Ajay- Describe your career in science from your high school days to the science books you have written. What do you think can be done to increase interest in science in young people.
John Fox- I’m a sociologist and social statistician, so I don’t have a career in science, as that term is generally understood. I was interested in science as a child, however: I attended a science high school in New York City (Brooklyn Tech), and when I began university in 1964 at New York’s City College, I started in engineering. I moved subsequently through majors in philosophy and psychology, before finishing in sociology — had I not graduated in 1968 I probably would have moved on to something else. I took a statistics course during my last year as an undergraduate and found it fascinating. I enrolled in the sociology graduate program at the University of Michigan, where I specialized in social psychology and demography, and finished with a PhD in 1972 when I was 24 years old. I became interested in computers during my first year in graduate school, where I initially learned to program in Fortran. I also took quite a few courses in statistics and math.
I haven’t written any science books, but I have written and edited a number of books on social statistics, including, most recently, Applied Regression Analysis and Generalized Linear Models, Second Edition (Sage, 2008).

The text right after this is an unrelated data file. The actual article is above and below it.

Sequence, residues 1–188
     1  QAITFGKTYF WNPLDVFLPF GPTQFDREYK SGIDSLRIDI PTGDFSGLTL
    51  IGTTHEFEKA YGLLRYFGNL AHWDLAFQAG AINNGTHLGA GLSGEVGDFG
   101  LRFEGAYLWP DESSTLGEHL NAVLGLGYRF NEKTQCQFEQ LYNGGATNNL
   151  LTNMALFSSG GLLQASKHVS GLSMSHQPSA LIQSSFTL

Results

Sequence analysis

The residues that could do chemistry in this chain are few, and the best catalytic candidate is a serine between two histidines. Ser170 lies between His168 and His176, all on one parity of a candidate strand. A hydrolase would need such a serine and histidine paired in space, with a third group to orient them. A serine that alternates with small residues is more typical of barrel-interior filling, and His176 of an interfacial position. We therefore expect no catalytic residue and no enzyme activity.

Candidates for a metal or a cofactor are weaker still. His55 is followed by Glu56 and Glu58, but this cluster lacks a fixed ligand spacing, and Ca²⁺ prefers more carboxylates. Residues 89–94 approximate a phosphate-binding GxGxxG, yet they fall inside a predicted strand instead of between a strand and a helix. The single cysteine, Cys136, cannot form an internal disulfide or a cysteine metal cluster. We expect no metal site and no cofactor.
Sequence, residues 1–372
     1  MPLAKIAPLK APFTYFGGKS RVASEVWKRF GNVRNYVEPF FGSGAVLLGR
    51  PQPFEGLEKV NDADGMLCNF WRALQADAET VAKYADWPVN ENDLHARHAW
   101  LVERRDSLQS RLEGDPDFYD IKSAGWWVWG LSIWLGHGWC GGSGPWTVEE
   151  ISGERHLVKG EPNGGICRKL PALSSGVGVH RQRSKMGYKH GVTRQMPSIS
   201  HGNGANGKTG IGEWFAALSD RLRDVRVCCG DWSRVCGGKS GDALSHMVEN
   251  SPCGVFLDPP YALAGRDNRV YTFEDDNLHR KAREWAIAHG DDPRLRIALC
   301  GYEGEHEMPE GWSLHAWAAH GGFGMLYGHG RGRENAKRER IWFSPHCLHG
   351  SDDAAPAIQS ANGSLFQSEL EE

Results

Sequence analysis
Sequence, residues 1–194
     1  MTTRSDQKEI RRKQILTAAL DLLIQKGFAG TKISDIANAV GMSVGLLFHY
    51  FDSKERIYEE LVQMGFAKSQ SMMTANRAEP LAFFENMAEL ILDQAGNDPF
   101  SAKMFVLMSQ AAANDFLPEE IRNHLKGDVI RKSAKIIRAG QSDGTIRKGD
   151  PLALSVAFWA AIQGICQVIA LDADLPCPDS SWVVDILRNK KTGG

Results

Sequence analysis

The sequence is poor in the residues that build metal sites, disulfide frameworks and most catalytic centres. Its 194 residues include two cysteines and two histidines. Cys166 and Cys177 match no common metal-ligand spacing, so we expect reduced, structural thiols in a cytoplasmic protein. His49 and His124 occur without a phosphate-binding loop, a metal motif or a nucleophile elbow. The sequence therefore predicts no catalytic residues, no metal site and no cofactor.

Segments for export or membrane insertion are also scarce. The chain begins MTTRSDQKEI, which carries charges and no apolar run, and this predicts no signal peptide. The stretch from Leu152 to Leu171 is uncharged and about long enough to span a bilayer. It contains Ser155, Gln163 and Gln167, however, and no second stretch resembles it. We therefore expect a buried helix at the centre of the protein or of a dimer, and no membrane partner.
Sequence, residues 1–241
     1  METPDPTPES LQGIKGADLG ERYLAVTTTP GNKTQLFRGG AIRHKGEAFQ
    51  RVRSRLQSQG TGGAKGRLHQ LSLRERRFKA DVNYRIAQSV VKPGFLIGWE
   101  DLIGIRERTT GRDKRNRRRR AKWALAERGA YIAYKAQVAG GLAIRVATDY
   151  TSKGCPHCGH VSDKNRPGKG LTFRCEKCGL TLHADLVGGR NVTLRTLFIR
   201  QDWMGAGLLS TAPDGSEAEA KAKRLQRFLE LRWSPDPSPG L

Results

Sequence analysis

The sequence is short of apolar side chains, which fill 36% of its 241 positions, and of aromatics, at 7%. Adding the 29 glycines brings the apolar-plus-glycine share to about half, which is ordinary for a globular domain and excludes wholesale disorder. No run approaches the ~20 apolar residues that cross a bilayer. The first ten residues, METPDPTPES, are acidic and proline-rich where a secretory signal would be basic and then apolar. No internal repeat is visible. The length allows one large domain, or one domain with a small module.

I’m afraid that I don’t know how to interest young people in science. Science seemed intrinsically interesting to me when I was young, and still does.
Ajay- What prompted you to R Commander. How would you describe R Commander as a tool, say for a user of other languages and who want to learn R, but get afraid of the syntax.
John- I originally programmed the R Commander so that I could use R to teach introductory statistics courses to sociology undergraduates. I previously taught this course with Minitab or SPSS, which were programs that I never used for my own work. I waited for someone to come up with a simple, portable, easily installed point-and-click interface to R, but nothing appeared on the horizon, and so I decided to give it a try myself.
I suppose that the R Commander can ease users into writing commands, inasmuch as the commands are displayed, but I suspect that most users don’t look at them. I think that serious prospective users of R should be encouraged to use the command-line interface along with a script editor of some sort. I wouldn’t exaggerate the difficulty of learning R: I came to R — actually S then — after having programmed in perhaps a dozen other languages, most recently at that point Lisp, and found the S language particularly easy to pick up.
Ajay- I particularly like the R Cmdr plugins. Is it possible for anyone to increase R Commander with a customized package- plugin.
John- That’s the basic idea, though the plug-in author has to be able to program in R and must learn a little Tcl/Tk.
Ajay- Have you thought of using the R Commander GUI on an Amazon EC2 and thus making R high performance computing say available on demand ( similar to Zementis model deployment using Amazon Ec2). What are you views on the future of statistical computing